Aug 10, 2019
Measuring your progress for your Customer Experience strategy is an essential aspect to your program’s success. Not only will it show if your program is working to provide an excellent experience for your customers, but it also shows what customers really value, which can be an elusive thing to discover.
In this episode of The Intuitive Customer, we discuss the importance of measuring Customer Experience correctly. We invited Don Peppers, bestselling author, business strategist, and engaging keynote speaker to joins us to share his wisdom on the subject. With 11 books on marketing and Customer Experience, he had much to add to our discussion about the best way to handle Customer Experience measurement.
There are two types data marketers can user for measurement:
Peppers says that VOC data is excellent for many things. It can provide you feedback on moments in your experience that are or are not working. It also gives you the opportunity to respond to problems immediately and repair damage to a relationship before it has repercussions on customer behavior. However, it has some drawbacks for Customer Experience measurement.
Let me give you an example. I fly on Delta a lot. Every time I fly back and forth to England, they send me a survey. They want to know more about my experience on the flight. However, I never fill out the survey unless I had either a very good or very poor flight.
This survey is an example of why VOC data measurement is flawed. Since I don’t fill out the survey every time, they have a skewed view of how I feel about their airline. Sometimes I am delighted; other times I am disgusted.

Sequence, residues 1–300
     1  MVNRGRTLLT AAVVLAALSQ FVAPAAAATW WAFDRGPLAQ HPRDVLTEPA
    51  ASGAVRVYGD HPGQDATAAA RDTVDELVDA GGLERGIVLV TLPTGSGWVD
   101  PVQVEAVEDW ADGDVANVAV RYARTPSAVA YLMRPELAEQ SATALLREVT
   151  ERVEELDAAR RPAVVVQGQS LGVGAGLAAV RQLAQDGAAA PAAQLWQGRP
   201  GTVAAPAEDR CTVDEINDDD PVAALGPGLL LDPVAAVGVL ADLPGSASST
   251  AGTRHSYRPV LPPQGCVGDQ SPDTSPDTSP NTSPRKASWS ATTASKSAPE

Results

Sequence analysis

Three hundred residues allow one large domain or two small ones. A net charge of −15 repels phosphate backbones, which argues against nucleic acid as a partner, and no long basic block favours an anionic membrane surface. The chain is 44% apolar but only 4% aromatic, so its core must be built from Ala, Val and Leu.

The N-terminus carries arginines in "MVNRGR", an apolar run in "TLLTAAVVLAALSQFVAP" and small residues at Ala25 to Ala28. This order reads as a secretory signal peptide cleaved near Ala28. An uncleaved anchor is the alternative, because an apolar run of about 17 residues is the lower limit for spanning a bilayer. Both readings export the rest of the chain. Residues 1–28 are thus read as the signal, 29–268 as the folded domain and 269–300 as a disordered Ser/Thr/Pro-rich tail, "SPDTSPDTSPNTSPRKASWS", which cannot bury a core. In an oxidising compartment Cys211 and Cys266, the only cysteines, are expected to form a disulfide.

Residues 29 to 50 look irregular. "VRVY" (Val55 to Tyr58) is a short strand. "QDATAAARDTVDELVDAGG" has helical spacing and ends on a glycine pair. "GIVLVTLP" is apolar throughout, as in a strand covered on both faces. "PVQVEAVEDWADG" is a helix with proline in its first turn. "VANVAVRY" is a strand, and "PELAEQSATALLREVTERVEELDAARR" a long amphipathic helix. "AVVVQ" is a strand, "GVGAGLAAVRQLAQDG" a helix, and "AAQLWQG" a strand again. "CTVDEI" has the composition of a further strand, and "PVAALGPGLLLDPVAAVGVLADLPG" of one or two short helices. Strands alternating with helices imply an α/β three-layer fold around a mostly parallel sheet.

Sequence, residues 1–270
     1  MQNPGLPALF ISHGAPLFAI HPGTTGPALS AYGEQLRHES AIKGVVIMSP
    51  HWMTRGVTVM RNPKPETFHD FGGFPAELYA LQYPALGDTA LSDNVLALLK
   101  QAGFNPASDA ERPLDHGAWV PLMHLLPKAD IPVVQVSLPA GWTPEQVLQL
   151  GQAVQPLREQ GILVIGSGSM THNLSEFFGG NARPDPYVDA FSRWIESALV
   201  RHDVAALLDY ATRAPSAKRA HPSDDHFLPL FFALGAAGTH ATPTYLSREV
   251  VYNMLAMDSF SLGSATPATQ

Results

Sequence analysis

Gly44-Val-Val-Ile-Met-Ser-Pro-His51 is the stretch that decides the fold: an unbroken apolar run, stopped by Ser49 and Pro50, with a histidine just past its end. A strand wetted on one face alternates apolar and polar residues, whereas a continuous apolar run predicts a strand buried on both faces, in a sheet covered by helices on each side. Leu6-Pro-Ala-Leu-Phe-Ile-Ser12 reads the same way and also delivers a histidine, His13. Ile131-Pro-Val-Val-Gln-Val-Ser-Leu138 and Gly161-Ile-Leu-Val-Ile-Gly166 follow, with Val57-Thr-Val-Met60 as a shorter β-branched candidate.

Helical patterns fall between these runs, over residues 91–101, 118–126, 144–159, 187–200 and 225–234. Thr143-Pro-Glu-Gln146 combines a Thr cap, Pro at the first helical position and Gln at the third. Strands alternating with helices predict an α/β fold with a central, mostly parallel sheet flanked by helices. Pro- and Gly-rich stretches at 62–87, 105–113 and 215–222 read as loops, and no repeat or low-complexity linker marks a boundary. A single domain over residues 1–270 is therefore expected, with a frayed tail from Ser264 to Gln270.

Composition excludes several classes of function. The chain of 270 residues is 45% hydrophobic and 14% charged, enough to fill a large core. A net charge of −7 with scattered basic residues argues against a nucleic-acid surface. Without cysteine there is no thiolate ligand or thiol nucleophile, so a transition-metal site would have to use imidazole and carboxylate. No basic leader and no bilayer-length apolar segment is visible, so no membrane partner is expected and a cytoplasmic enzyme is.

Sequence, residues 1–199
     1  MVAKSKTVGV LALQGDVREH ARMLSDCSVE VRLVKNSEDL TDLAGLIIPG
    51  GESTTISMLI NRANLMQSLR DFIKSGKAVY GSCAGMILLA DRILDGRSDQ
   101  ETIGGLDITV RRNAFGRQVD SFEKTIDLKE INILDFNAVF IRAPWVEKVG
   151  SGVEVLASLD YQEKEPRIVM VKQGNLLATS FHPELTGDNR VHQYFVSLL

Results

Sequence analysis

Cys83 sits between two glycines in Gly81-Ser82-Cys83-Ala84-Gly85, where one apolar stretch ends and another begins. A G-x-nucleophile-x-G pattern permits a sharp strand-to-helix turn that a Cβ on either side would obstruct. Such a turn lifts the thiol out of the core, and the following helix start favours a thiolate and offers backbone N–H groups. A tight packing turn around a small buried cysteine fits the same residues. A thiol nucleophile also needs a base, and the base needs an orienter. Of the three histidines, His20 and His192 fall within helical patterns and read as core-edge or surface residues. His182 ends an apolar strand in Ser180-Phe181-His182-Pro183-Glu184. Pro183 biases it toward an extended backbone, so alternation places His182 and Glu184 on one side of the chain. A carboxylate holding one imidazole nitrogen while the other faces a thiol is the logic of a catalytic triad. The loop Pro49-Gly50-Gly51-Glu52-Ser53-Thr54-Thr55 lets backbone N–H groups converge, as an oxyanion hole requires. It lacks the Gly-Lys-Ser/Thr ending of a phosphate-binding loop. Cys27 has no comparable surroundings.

Now, if Delta were to look at my flight purchases over the past six months, that would be observational data. If they were to see that I purchased fewer flights compared to the previous year, they would see that my customer behavior had changed. Then, they would know how their Customer Experience is performing and they could react.
To be fair, both types of measures are useful and have their place in Customer Experience Measurement. However, in many ways, marketers tend to favor VOC measurement over observational measurement. The reasons for this preference are understandable; VOC is easier and more popular, and who knows better than the customer how they felt about the experience, right?
However, it is in the observational data that you get a much clearer understanding of how your Customer Experience performs. Observational data shows customer behavior, and that is a far more accurate indicator of how customers feel about your experience.
Listen to the podcast in its entirety to learn more about Are You Using the Right Measures for your Customer Experience.
The Intuitive Customer podcasts are designed to explain the psychological concepts behind customer behavior.
If you would like to find out from one of our CX consultants how you can implement the concepts we discussed in your organization’s marketing to improve customer loyalty and retention, contact us at www.beyondphilosophy.com.
To subscribe to The Intuitive Customer and never miss a podcast, please click here.